Physics works, you see nothing. If I take the plates out and touch them
with each other, what will happen? There you go. But this water has such a huge resistance
that the current is too low. Well, let’s add some– not pepper–
add some salt. Yes, there’s salt in there. It’s about as much as I would put
on my eggs in the morning– stir a little– ah, hey,
look at that. Isn’t that amazing? And when I bring them closer together,
it will become even brighter, because L is now smaller,
the distance is smaller. I bring them farther apart,
it’s amazing. Just a teeny, weeny little bit of salt,
about as much as I use on my egg, let alone– what the hell,
let’s put everything in there– that’s a [unintelligible]
I put everything, then, of course, you go almost down
to the two ohms, and the light bulb
will be just burning normally. But even with that little bit of salt,
you saw the huge difference. My body is a fairly good conductor–
yours too, we all came out of the sea– so we are almost all water– and therefore,
when we do experiments with little charge, like the VanderGraaf,
beating a student, then we have to insulate ourselves
very carefully, putting glass plates under us,
or plastic stools, to prevent that the charge
runs down to the earth. In fact, the resistance, my resistance
between my body and the earth is largely dictated by the soles of my shoe,
not by my body, not by my skin. But if you look at my soles,
then you get something like this and it has a certain thickness
and this, maybe one centimeter. This, now, is l in my calculation
for the resistance, because current may flow
in this direction, so that’s l. Well, how large is my foot? Let’s say it’s one foot, long–
no pun implied– and let’s say it’s about
ten centimeters wide. So you can calculate what the surface area
A is, you know what l is and if you know now what the resistivity is
for my sole, I can make a rough guess, I looked up the material and I found that
the resistivity is about ten to the tenth. So I can now calculate what the resistance
is in this direction. And I found that that resistance then,
putting in the numbers, is about ten billion ohm. And you will say, “Wow!”
Oh, it’s four, actually. Well, big deal. Four billion ohm. So you will say, “That’s an
enormous resistance!” Well, first of all,
I’m walking on two feet, not on one, so if I would be standing one
the whole lecture, it would probably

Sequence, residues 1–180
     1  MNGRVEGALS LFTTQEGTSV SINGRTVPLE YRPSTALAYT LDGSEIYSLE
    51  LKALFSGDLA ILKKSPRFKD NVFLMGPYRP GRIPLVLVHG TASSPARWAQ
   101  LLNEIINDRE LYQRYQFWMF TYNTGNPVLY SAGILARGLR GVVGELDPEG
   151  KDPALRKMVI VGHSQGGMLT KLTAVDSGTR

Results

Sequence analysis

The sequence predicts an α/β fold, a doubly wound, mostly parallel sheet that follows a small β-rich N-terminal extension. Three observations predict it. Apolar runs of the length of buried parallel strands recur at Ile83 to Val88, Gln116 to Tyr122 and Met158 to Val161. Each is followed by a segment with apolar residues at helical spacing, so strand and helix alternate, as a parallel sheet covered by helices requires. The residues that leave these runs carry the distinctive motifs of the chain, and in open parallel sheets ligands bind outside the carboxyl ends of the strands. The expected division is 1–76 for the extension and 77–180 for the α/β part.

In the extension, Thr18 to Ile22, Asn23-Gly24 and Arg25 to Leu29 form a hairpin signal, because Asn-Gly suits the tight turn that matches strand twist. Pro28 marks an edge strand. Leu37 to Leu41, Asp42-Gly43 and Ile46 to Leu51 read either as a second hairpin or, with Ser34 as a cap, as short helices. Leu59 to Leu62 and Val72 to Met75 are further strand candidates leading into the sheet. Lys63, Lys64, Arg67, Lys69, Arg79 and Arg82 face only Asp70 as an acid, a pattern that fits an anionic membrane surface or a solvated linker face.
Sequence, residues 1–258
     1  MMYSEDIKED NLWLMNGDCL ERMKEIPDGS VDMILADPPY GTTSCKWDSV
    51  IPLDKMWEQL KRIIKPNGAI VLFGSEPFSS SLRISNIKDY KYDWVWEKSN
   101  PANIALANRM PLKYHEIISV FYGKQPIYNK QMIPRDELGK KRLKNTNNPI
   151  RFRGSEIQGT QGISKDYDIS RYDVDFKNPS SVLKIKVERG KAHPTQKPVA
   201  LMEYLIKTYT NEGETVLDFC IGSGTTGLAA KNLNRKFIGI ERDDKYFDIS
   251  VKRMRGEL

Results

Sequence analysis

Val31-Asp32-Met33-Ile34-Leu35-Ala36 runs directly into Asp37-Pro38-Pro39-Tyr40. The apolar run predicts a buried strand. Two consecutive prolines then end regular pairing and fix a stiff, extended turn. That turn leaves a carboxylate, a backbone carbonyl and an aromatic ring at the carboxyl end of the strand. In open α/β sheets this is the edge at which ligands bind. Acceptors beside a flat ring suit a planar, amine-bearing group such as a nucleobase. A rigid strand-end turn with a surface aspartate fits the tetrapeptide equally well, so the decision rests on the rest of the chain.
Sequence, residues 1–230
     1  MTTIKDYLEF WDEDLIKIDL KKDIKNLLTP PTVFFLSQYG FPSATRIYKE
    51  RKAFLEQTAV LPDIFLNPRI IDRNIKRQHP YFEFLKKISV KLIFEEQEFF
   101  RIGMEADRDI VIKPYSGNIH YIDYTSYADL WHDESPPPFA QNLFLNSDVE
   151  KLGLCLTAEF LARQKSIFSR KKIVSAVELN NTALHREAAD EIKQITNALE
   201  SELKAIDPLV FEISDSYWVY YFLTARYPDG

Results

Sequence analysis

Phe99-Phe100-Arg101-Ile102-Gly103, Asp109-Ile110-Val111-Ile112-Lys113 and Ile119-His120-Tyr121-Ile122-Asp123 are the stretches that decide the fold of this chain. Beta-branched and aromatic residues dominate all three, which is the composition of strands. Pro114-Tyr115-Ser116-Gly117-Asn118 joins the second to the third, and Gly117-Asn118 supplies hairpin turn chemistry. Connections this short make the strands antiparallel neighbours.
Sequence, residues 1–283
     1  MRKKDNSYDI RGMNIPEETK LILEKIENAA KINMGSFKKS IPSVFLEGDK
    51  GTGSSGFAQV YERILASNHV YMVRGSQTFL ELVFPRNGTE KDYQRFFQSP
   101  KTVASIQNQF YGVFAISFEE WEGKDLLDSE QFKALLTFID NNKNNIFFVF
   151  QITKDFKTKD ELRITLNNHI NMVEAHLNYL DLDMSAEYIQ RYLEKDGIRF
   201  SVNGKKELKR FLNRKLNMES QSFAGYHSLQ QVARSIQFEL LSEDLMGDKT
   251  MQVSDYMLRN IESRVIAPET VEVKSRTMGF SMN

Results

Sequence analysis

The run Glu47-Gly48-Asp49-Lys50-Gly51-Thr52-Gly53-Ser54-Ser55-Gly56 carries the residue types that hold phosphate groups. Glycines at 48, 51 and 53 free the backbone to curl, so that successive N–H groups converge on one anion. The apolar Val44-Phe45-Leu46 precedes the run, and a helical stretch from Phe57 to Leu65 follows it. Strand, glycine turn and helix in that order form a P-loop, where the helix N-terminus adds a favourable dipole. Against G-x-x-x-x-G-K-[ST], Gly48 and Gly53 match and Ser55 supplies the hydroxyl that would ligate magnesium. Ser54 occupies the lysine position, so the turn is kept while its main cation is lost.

be four billion, but if I have two feet on the ground,
it’s really two billion. You will say, “Well,
that’s still extremely large!” Well, it may look large,
but it really isn’t, because all the experiments
that we are doing here in twenty six one hundred, you’re dealing with very small
amounts of charge. Even if you take the VanderGraaff– the VanderGraaff, say, has
two hundred thousand volts– and let’s assume that my resistance
is two times ten to the nine ohms, two feet on the ground. So when I touch the VanderGraaff,
the current that would flow, according to Ohm’s Law,
would be hundred microamperes. That means, in one second, I can take hundred
microcoulombs of the VanderGraaff, but the van der Graff has only
ten microCoulombs on it. So the resistance of four billion or two billion
ohms is way too low for these experiments that we have been doing
in twenty six one hundred, and that’s why we use
these plastic stools and we use these glass plates
in order to make sure that the current is not
draining off the– the charge that we need
for the experiments. I want to demonstrate that to you,
that, indeed, even with my shoes on– that means, even with my two billion ohm
resistance to the ground– that it will be very difficult for me,
for instance, to keep charge
on an electroscope. I’m going to put charge on this electroscope
by scuffing my feet. But, since I keep my– I have my shoes on,
I’m not standing on the glass plate, the charge will flow through me. You can apply Ohm’s Law. And you will see that as I do this–
I’m scuffing my feet now– that I can only keep that electroscope charged
as long as I keep scuffing. But the moment that I stop scuffing,
it’s gone. Start scuffing again, that’s fine,
but the moment that I stop scuffing, it goes off again. Even though this resistance is something like
two billion ohms. Let alone if I take my shoes off. I apologize for that. If now I scuff, I can’t even get any charge
on the electroscope, because now, the resistance
is so ridiculously low, I don’t even have
the two billion ohms, I can’t even put any charge
on the electroscope. It’s always very difficult for us
to do these experiments unless we insulate ourselves